Rheumatoid Arthritis: What You Need To Know About This Disease Today


Are you at the risk of rheumatoid arthritis? This is a disease that affects the joints in the wrists, hands, elbows, shoulders, spine, knees and ankles, and in some people, it may also affect other systems in their body. This disease causes stiffness, pain, and swelling of the affected area. The disease has the capacity to spread throughout your body. For instance; if you are affected in one hand or knee, after some time, it will affect the other hand or knee. It can occur in one joint and spread to another joint.

Rheumatoid Arthritis

Research shows that about 3% of the population are affected by this disease. It is more prevalent among women than men. In most cases, the disease develops between the ages of 25 to 50. However, it can also occur at any age. There is no known cure for this disease at the moment but with recent research, the doctor can offer the patients some treatment to help relieve pain and discomfort.

Rheumatoid arthritis may start gradually; it can however also begin with a sudden and unexpected attack. Those suffering from this disease may often feel tired, sick and feverish at times. Rheumatoid arthritis is a chronic disease which can last for a lifetime. A patient suffering from this disease may experience it in a mild or moderate form; there are however times when the symptoms of the disease may get worse or even better. Some people may have a hard time with the disease going away, this is known as a remission which can last weeks or even years in some cases.

Who is at risk of contracting this condition?

Like mentioned before, basically anyone can get rheumatoid arthritis. However, it is more prevalent among women between the ages of 25 to 50.

Rheumatoid Arthritis

Causes of Rheumatoid Arthritis

Researchers don’t know exactly what causes rheumatoid arthritis. It is however commonly believed that there are triggering agents which may cause the onset of rheumatoid arthritis only in those who have a tendency towards the disease. The triggering agent of this condition is believed to be a virus or bacteria. The research further reveals that someone who has a close relative with rheumatoid arthritis is at the risk of developing the disease too at some point in their life.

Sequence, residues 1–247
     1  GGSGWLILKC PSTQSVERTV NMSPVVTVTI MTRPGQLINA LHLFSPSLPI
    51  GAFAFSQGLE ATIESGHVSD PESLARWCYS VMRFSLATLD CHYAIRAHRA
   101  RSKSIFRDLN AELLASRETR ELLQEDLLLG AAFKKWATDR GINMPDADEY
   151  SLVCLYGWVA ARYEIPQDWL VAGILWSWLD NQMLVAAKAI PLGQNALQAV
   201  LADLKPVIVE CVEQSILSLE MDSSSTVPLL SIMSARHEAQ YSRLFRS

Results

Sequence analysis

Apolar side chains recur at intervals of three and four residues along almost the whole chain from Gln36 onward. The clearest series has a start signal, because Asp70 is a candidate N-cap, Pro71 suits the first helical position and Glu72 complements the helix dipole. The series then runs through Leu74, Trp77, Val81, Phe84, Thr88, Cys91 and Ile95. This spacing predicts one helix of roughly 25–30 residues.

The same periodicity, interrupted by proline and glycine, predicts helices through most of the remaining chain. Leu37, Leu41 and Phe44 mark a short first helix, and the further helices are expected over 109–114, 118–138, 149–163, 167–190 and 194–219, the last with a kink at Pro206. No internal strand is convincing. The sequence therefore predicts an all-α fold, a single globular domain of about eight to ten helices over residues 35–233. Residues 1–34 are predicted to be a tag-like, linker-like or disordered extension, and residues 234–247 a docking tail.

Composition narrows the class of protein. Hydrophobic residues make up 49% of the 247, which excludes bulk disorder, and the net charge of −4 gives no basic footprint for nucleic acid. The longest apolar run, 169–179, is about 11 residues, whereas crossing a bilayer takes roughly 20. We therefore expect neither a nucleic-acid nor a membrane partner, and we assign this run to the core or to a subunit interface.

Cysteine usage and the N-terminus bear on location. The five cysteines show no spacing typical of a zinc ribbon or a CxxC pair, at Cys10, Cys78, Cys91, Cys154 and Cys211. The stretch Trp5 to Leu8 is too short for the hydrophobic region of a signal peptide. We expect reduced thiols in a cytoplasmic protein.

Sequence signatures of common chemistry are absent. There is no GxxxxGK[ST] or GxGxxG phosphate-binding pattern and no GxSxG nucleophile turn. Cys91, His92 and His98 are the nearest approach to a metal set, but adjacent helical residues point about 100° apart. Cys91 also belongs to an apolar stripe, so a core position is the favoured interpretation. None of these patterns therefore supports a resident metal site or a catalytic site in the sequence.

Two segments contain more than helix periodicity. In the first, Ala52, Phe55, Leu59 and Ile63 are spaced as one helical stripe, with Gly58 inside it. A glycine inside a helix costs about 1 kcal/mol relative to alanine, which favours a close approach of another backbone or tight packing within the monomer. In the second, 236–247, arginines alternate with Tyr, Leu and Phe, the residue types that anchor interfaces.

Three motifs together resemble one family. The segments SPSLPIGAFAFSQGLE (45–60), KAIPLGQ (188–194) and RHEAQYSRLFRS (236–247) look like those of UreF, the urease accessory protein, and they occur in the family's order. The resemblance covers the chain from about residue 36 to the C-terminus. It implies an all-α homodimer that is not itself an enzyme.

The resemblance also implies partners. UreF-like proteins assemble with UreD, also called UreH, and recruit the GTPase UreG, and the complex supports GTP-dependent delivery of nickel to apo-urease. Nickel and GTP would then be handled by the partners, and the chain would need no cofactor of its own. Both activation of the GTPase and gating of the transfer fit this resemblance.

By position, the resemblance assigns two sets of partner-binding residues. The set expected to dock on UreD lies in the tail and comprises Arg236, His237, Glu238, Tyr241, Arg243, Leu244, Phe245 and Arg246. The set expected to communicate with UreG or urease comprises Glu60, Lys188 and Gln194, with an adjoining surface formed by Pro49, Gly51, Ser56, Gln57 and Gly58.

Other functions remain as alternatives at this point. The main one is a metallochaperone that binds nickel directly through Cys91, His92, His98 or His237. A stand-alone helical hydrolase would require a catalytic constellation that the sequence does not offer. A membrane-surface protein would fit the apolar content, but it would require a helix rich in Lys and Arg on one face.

Researchers believe that the following factors may cause rheumatoid arthritis:

  • Hormones
  • Genes
  • Environment

How Can You Diagnose Rheumatoid Arthritis?

When you suspect that you might be suffering from rheumatoid arthritis, you will need to visit your doctor or rheumatologist (a doctor who specializes in joints, muscles and bones) to be diagnosed.

Diagnosing this disease is however a bit difficult due to the fact that there is no single test that can be conducted to test for the prevalence of the condition. Moreover, the symptoms of this disease closely resemble the symptoms of other kinds of joint diseases. Finally, it will take time before the full symptoms of this disease develop.

Rheumatoid Arthritis

What Happens When You Have Rheumatoid Arthritis?

Rheumatoid arthritis causes a person’s immune system to attack his own body tissues. The disease is subsequently a result of the changes in your body’s immune system. Research shows that the attack in your body’s immune system may result in a number of things such as:

  • It may lead to overproduction of fluid in your joints
  • It may cause your joints and the synovial membrane that lines them to become inflamed
  • The inflammation and the fluid overproduction will cause swollen and painful joints.
  • If left untreated, it may lead to damage in your cartilage and other soft tissues which can lead to joint deformities.

Other things that may happen in your body when you have this disease include:

  • Enlarged lymph glands
  • Anemia
  • Small Swellings called nodules
  • Swelling around heart, eyes, and blood vessels
  • Dry eyes and mouth

Treatment for Rheumatoid Arthritis

Currently, there is no known treatment for this disease. Your doctor may, however, offer you some treatment relief options in order to

  • Reduce the swelling
  • Reduce or stop the pain
  • Help you feel better
  • Slow down joint damage
  • Help you stay active

The treatment of this disease may include educating the patient about his condition and suggesting ways he can exercise and relax. Patients may also join support groups to learn about other treatments for this disease. In some cases, vitamins, special diets, and other alternative therapies are suggested for the treatment of rheumatoid arthritis. Some therapies may help the patient to reduce stress levels. Most of these treatments are not harmful; real benefits derived from the treatments may, however, be non-existent.

If you are suffering from rheumatoid arthritis, do not lose hope. Keep on talking to your doctor and support group on a regular basis. Ensure you take any proposed steps to reduce the symptoms.

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